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Promega Webinars

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Welcome to the Promega Webinar Series, an ongoing communication designed to keep you informed. Learn about basic concepts, tips and techniques to help your research, or understand how products were designed and how to implement in your lab. Most presentations are given by Promega scientists and you will have an opportunity to interact with our Technical Service Scientist directly during live events via chat. The webinars are free though we do ask that you register for the events. Registration allows us to send you the URL for the webinar.

How to Avoid Artificial Non-Enzymatic PTMs During the Peptide Sample Preparation Process

Proteomics

Tuesday, June 13, 2017

Sergei Saveliev, PhD

Non-enzymatic post-translational modifications (PTMs) spontaneously occur in biotherapeutic proteins during manufacturing and storage. These modifications negatively affect efficacy and stability of biotherapeutic proteins. Major non-enzymatic PTMs are deamidation, disulfide bond scrambling and oxidation. These non-enzymatic PTMs are also introduced during protein preparation for peptide mapping and compromise the analysis. Join us as we will discuss sources of these artificial protein modifications as well as procedural optimizations to suppress these PTMs.

Did you miss one of our webinars? Simply select the appropriate link below and view the recorded webinar. It will not be interactive, but you will see the chat questions the original attendees asked. For additional information on the products discussed in the webinar, explore our links to videos and other resources.

If there is an area you would like to see covered, you can request a topic of your choice.

If you are experiencing issues opening the webinar recordings, please be sure that you have the latest Adobe Flash Player installed.

Post-Translational Modification Enzymes: How to Interrogate Key Drug Targets

Cell-Based Assays

Tuesday, April 11, 2017

Hicham Zegzouti, PhD

Post-translational modifications (PTMs), the addition of functional groups to proteins, play a significant role in regulating cellular biology. Examples include phosphorylation, a common mechanism in regulating enzymatic activity, and the addition of carbohydrates to many eukaryotic proteins, which promotes proper folding, improves stability and serves in regulatory functions. A key objective of research and drug discovery surrounding PTMs is to study the regulation of these enzymes and find specific modulators of their activity. Although mass spectrometry, eastern and western blotting detection technologies have been used traditionally, none are amenable to high throughput or as sensitive as bioluminescent detection of nucleotide-based substrates for such enzymes.

Optimizing and Qualifying Reporter Gene Bioassays for Immune Checkpoint Receptors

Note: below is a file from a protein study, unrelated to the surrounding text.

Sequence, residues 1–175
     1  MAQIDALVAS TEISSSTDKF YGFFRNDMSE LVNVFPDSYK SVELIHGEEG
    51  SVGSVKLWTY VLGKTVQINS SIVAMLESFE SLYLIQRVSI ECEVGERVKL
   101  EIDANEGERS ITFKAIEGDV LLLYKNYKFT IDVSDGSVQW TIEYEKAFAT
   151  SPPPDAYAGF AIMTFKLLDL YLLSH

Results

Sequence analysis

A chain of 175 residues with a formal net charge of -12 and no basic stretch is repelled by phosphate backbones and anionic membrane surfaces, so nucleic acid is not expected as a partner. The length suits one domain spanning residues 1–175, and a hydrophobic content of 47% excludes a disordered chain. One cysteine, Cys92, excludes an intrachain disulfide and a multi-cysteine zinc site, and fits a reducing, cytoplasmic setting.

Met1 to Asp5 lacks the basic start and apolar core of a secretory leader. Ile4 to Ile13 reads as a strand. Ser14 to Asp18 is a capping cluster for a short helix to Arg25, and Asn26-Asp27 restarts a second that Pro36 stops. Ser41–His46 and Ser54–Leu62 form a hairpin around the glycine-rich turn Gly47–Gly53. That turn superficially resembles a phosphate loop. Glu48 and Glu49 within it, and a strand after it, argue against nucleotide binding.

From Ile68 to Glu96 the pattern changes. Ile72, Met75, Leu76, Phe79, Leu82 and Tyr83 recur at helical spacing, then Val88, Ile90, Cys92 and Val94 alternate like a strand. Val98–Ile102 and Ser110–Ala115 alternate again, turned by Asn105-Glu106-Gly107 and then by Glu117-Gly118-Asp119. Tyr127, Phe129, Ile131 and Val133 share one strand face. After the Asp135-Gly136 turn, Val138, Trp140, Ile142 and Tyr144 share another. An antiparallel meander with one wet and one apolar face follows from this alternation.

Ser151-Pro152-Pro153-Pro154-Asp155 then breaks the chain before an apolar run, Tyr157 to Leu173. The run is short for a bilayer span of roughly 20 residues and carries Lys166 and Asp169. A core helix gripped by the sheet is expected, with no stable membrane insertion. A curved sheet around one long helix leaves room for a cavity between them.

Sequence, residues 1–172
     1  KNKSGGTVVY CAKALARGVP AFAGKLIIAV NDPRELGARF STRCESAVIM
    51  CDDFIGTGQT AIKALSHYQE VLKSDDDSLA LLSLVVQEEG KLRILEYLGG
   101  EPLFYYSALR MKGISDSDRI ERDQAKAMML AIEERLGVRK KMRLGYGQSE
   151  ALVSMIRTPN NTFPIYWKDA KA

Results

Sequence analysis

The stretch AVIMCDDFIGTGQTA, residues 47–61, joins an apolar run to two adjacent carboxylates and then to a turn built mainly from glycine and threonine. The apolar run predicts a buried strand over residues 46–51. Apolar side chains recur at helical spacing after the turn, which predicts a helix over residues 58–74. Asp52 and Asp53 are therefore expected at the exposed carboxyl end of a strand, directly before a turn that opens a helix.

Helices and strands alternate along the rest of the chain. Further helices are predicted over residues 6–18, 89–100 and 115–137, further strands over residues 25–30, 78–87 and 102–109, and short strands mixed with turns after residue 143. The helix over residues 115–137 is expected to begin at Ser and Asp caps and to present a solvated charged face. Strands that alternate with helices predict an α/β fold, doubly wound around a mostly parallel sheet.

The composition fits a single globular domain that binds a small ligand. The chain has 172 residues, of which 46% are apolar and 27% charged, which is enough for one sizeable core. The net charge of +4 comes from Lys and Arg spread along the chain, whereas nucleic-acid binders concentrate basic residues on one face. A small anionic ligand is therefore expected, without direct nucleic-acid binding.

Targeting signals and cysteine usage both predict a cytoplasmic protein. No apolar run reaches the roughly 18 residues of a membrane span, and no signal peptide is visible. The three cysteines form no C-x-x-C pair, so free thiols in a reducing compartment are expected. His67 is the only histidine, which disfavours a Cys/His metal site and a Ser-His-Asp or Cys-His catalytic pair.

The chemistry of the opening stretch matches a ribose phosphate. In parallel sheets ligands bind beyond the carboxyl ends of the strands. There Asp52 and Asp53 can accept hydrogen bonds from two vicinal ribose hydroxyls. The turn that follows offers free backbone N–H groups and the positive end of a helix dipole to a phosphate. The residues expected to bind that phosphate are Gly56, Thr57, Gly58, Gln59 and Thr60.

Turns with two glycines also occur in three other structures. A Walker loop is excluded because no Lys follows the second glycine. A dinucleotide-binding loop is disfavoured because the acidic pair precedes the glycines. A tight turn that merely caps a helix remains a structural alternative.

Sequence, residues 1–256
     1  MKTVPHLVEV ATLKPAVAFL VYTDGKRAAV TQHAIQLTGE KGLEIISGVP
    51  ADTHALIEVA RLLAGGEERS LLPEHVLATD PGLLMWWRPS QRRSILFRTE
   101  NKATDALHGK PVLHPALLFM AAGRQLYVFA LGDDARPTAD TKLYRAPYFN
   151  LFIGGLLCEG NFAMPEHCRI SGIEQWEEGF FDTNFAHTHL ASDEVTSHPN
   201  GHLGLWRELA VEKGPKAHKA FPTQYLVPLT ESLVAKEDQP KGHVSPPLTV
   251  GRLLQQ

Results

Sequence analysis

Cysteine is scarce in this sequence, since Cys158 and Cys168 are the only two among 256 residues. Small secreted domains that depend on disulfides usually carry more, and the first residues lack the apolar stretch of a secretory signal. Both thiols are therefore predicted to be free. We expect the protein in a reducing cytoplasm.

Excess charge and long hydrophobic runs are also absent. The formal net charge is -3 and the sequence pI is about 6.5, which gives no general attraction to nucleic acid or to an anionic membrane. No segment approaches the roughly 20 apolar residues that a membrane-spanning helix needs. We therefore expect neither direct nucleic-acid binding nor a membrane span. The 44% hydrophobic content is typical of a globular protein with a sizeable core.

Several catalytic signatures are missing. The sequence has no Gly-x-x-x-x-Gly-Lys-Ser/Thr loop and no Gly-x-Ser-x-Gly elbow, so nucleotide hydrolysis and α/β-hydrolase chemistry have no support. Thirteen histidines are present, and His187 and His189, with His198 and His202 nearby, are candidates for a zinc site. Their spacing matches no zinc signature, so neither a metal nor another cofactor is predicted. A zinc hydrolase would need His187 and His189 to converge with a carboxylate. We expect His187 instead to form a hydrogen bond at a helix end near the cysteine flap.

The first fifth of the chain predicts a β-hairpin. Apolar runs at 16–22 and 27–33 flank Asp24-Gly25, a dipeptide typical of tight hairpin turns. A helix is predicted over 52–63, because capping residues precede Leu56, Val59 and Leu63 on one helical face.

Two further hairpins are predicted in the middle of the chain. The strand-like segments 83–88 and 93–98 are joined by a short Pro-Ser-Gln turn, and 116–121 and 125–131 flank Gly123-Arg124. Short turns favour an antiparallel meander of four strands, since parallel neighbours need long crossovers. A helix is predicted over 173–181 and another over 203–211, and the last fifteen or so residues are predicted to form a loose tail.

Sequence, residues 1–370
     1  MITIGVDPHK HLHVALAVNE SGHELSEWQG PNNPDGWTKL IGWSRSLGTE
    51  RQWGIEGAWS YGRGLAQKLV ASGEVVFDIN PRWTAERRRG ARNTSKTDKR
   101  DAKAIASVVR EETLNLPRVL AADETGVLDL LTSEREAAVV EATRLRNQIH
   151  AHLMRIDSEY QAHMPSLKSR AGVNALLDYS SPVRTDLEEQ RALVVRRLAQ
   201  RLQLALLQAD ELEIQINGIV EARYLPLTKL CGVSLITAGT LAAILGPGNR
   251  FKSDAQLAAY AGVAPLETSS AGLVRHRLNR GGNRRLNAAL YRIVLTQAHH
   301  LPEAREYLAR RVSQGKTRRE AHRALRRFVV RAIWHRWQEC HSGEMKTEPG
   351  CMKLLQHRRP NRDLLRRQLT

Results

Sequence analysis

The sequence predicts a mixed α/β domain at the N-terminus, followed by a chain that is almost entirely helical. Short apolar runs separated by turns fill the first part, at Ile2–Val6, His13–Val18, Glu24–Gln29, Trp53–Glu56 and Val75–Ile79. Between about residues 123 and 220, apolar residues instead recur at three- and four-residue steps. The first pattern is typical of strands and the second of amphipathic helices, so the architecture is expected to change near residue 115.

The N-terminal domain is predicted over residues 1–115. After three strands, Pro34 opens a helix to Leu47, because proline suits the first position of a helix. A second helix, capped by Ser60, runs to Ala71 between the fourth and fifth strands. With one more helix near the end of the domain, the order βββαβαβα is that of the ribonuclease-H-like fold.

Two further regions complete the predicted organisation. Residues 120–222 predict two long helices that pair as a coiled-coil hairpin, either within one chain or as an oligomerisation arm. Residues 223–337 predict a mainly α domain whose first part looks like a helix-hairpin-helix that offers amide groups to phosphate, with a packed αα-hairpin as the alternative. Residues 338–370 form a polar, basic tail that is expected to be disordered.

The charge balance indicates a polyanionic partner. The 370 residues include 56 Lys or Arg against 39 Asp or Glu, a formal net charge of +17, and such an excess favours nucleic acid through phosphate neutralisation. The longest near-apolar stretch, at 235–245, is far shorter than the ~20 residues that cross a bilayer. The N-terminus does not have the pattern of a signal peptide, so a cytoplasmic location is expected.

Drug Discovery

Tuesday, March 28, 2017

Zhijie Jey Cheng, PhD

Reporter gene assays for functional screening and development of antibody drug candidates are gaining popularity due to the significant advantages they offer over traditional methods that rely on human primary immune cells. We will discuss development of a series of MoA-based reporter gene bioassays for antibodies targeting co-inhibitory receptors, co-stimulatory receptors and combination bioassays that target immune checkpoint receptors.

Factors to Consider for Designing and Optimizing Assays Applied to 3D Cultures

Cell-Based Assays

Tuesday, March 14, 2017

Terry Riss, PhD

3D cell culture models present a challenge for using assay chemistries and imaging methods that were originally designed for measuring events from 2D monolayers of cells. In this webinar, we will present factors to consider when designing and optimizing assays applied to 3D cell culture models, case studies describing design of reagents to overcome the limitations inherent with detecting markers from large 3D culture models, and applications of novel real-time detection methods.

MicroRNA Analysis Paired with Novel Cell Health Assays: A Complete Workflow

Genomics

Tuesday, February 28, 2017

Brad Hook, PhD

MicroRNAs (miRNAs) are small-noncoding RNA molecules that regulate gene expression post-transcriptionally. Amplification and overexpression of individual oncomiRs (miRNAs associated with cancer) or genetic loss of tumor suppressor miRNAs are associated with human cancer and are sufficient to drive tumorigenesis in mouse models. A global decrease in miRNA levels has been observed in human cancers and linked to genetic and epigenetic alterations in components of the miRNA biogenesis machinery. Learn more about how to analyze miRNAs in human cancer cells as we present data on a two studies that use new novel assays to monitor cell health and purify total RNA (including miRNAs) from the same cells.

To NanoDrop® or Not to NanoDrop®: Choosing the Most Appropriate Method for Nucleic Acid Quantitation

Genomics

Tuesday, February 14, 2017

Doug Wieczorek, PhD

Success or failure in DNA/RNA analysis applications often comes down to whether or not the appropriate amount of input nucleic acid is used, but nucleic acid quantitation methods reveal different information about a sample. This webinar will review absorbance, fluorescent nucleic acid-binding dyes and qPCR quantitation methods and present the advantages and disadvantages of each method. With this information, you'll be able to choose the appropriate quantitation method based on your sample type and downstream application.

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